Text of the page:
The Washington PostDemocracy Dies in Darkness

Opinion The wall isn’t an emergency, but federal workers' plight is rapidly becoming one

President Trump speaks from the Oval Office on Tuesday. (Carlos Barria/AP)

President Trump spoke for about nine minutes Tuesday night, failing to make the case that the need for a wall at the Mexican border with the United States is an emergency. At the same time, as Democrats pointed out, he did not once mention the emergency caused by his intransigence: the financial crisis hitting the roughly 800,000 federal workers and contractors who are going unpaid as a result of the partial shutdown of the federal government.

If you ever wanted to know what the downsides of government by millionaires and billionaires is, this is as good of an example as you can find. Trump doesn’t have a clue how Americans who don’t inherit fortunes live, and he has little desire to fix that.

This past weekend, Trump claimed federal employees — whether they are still on the job minus salary or officially furloughed — should be doing just fine. “I’m sure that the people that are on the receiving end will make adjustments. They always do," he said on Sunday.

Yes, they will make adjustments. But whether they will be just fine is another issue entirely. Forty-four percent of Americans cannot come up with $400 out of their own resources without turning to credit, begging from family members or beginning to sell off possessions. Increase the number to $1,000, and the number goes up to about 60 percent. In the real world, most people can’t make it financially with “adjustments” for a shutdown that could last “months or even years.”

While Trump claims he can “relate” to the federal workers, the most he knows of financial hardship is the time when, after one of his multiple bankruptcies, the banks he owed money put him on a household and personal budget of $450,000 per month. He survived. He did not need to turn to GoFundMe to pay the rent.

The fact is, despite that Trump is so cheap he once cashed a 13-cent check, he’s never needed to worry about whether he can afford to buy food or pay the mortgage on one of his many residences. That’s not true for federal workers. Federal workers minus paychecks are cutting back on discretionary spending such as holiday gifts for the children and grandchildren, and nondiscretionary spending, such as the rent. Their “adjustments” include such things as selling their plasma and draining personal savings accounts. Their idea of hard times does not involve hitting up their father for a more than $60 million in loans to buy real estate.

Trump, who has survived on the family handout known as inheritance his entire life, was apparently unaware that a government shutdown meant food stamps could get cut, tax refunds would not go out (his administration is now addressing that), and certain housing subsidies would go unpaid. And, despite claiming he’s an ace businessman, Trump didn’t seem to realize that retailers and restaurants in towns with a heavy federal presence will suffer from a lack of traffic if the shutdown goes on. If you aren’t reporting for work, you aren’t heading out for lunch near your office. And there are no “adjustments” for many of these small-business owners. No one is going to return to work and order two lunches to make up for the one they didn’t purchase during the shutdown.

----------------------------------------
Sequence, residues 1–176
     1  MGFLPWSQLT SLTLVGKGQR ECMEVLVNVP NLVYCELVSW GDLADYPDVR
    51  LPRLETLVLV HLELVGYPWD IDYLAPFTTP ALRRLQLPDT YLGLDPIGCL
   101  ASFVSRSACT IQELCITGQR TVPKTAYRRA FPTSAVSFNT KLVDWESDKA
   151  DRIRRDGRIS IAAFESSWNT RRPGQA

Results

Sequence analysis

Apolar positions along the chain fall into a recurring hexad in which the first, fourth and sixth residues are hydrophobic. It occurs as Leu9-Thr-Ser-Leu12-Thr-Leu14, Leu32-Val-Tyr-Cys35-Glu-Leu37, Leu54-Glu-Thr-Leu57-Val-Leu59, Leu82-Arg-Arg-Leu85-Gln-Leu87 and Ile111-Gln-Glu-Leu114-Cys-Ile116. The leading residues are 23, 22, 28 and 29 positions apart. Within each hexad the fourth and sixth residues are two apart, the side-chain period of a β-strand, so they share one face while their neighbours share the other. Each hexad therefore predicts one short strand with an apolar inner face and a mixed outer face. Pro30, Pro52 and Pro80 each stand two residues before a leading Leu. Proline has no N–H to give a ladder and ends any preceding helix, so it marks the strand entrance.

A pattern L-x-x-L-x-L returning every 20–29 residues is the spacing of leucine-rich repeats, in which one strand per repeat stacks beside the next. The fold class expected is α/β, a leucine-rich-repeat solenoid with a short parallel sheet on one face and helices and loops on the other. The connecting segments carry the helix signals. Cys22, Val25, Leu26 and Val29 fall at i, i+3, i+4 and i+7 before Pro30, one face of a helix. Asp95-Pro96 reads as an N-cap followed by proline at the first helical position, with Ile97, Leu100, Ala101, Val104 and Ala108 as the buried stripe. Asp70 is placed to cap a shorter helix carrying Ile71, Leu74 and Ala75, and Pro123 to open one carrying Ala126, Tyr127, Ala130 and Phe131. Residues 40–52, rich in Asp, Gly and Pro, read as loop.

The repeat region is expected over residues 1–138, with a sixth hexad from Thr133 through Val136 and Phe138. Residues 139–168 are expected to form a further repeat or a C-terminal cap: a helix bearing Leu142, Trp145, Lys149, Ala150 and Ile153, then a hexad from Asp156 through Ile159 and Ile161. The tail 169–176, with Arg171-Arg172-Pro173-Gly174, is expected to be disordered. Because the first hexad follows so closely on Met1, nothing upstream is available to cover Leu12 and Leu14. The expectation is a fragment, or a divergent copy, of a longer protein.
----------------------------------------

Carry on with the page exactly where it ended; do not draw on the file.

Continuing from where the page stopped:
Trump’s lack of knowledge for how the other 99 percent gets by shouldn’t surprise us. Indeed, it’s what we should expect. He’s far from alone, in both politics and the greater business world. Behavioral finance experts have found that wealthier people tend to possess less concern for others than those beneath them on the income or wealth scale and that they are more likely to do everything from blowing through stop signs to taking candy earmarked for children.

In politics, we see how this plays out. The only struggle that’s real to many Republican politicians is their own. Last week, newly elected North Dakota Rep. Kevin Cramer (R) declared attempts by other members of Congress — some of whom are Republicans — to get Congress to agree to forgo their salary while federal workers are forced to do without theirs “gimmicky.” That raises the question of what he thinks the Trump wall and government shutdown are.

But work is not a hobby or a gimmick. Whether we love or hate our jobs, very few of us would do them for no pay. (And that Trump isn’t taking a salary for serving as president is meaningless. He’s got other sources of income, such as the popularity of his hotels among Saudi lobbyists and Republican politicians.) Meanwhile, Transportation Security Administration security screeners at the nation’s airports are calling in sick at higher than normal rates, and who can blame them? Many of them earn about $30,000 annually; if they can get a side gig, they are likely taking it. They are being asked to work a vital job for no immediate salary, while our president is more concerned about a wall intended to solve a mythical problem at some point in the distant future, instead of the real-life financial harm being done to many people who rely on federal paychecks in the here and now.

Read more:

The Post’s View: The shutdown leaves the most vulnerable federal workers paying the price

Jennifer Rubin: Trump’s nothingburger speech

Alexandra Petri: It was good to hear from the president

Erik Wemple: The networks interrupted their programming for the lamest rerun on television

Alyssa Rosenberg: Trump tried to play a normal president on television. The result was very strange.